[Date Prev][Date Next] [Thread Prev][Thread Next] [Date Index] [Thread Index]

Re: Debian vs. Fedora on Laptops

On Sun, 26 Dec 2004 03:30:07 +0100, Ryan D'Baisse wrote:
> 3. My primary machine is a laptop (Toshiba 5005-S507).  Most of the
> info I can find on Google, pertaining to laptops, is for Fedora or
> Mandrake.  How well does Debian handle laptops?

If you have a laptop then there is no distribution of GNU/Linux that
doesn't give you headaches once in a while.  Debian is no worse than the
others, overall, and is possibly somewhat better in some ways.  However,
you do have to educate yourself to solve the problems that arise.  One
way in which Debian is different is in its poverty of wizard type
programs, compared with other distros.

> 4. My second biggest problem on Fedora was/is wireless support.  I am
> currently using FC2 with Linuxant's DriverLoader software on my
> Linksys WPC54G PCMCIA NIC.  Be honest; am I going to be crying if I
> try to set this up?

No.  Take reassurance from the fact that Debian is one of the major
GNU/Linux distributions and it has a lot of capable people working on it.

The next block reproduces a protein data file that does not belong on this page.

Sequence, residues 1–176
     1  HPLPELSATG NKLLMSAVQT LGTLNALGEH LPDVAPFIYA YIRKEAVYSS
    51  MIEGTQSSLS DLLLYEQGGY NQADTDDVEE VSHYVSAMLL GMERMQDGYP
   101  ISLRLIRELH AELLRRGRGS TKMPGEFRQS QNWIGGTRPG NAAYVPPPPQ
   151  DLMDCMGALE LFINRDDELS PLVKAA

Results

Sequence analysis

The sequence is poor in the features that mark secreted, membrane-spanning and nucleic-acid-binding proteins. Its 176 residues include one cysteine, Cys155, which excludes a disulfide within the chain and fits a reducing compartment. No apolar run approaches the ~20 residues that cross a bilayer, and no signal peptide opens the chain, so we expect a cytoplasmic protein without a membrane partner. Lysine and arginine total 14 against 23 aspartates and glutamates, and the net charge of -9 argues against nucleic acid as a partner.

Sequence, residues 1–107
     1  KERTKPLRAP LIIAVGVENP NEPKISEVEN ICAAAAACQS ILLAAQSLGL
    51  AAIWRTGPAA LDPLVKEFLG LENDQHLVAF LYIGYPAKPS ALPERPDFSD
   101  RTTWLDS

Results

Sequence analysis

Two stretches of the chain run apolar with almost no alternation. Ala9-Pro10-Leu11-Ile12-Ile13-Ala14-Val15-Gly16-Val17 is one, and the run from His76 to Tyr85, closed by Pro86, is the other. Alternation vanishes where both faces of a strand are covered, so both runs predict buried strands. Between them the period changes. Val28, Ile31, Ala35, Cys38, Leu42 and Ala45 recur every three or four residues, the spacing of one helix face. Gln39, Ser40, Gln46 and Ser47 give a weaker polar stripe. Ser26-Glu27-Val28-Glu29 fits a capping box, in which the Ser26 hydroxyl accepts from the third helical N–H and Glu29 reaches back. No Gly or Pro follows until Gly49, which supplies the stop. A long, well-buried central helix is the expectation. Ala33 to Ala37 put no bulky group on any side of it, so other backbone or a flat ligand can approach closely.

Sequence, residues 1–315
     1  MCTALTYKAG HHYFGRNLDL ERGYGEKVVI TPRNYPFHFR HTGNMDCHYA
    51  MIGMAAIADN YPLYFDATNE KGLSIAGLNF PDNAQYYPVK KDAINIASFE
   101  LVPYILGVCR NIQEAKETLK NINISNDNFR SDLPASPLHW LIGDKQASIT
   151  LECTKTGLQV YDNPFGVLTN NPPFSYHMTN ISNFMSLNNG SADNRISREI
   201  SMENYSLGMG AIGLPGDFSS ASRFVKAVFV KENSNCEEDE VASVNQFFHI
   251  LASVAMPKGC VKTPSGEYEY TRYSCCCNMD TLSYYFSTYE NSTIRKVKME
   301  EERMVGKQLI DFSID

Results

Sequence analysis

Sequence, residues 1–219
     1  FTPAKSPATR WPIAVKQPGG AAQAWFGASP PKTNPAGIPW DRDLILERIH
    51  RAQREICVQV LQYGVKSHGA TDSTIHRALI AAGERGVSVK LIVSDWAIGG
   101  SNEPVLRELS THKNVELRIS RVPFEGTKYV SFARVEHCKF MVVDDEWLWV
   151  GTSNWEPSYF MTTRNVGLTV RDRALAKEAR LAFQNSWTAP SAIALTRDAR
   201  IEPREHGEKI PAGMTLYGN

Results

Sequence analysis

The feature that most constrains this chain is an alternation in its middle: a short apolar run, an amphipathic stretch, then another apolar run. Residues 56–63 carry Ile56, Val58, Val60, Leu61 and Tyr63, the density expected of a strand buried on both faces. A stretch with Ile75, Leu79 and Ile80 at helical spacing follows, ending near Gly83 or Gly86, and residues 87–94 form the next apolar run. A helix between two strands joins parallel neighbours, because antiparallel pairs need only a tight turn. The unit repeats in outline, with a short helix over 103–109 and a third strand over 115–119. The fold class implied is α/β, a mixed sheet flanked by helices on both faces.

While some things will not work without effort, it is generally true that
with some effort, and with the help of many excellent tools developed for
Debian, you can achieve your goal.

> 5. And, finally, my biggest problem, and one of the reasons I am
> looking to leave Fedora, is ACPI.  I have to bypass it with later
> versions of the FC2 kernel and with the base install of FC3.  And,
> unfortunately, there are problems with my NIC if I bypass it.  How
> tightly integrated is ACPI with Debian?

In a sense, it isn't integrated at all.  Debian is highly modular.

> Any chance I can get away
> from these issues by switching from Fedora to Debian.

I don't think that you should switch from one distribution to another in
order to solve a single problem like this.  Debian has its own
weaknesses and Fedora is an excellent distribution; many capable
people are working on it including many of the Linux hackers.

Choose Debian if you want freedom, modularity, APT, and attention to
technical detail.  Choose Libranet or Ubuntu if you want all of the
above plus easier installation and configuration, minus some freedom.
Choose RedHat if you want to use what the majority of corporate users of
GNU/Linux are using.

Thomas Hood

Reply to: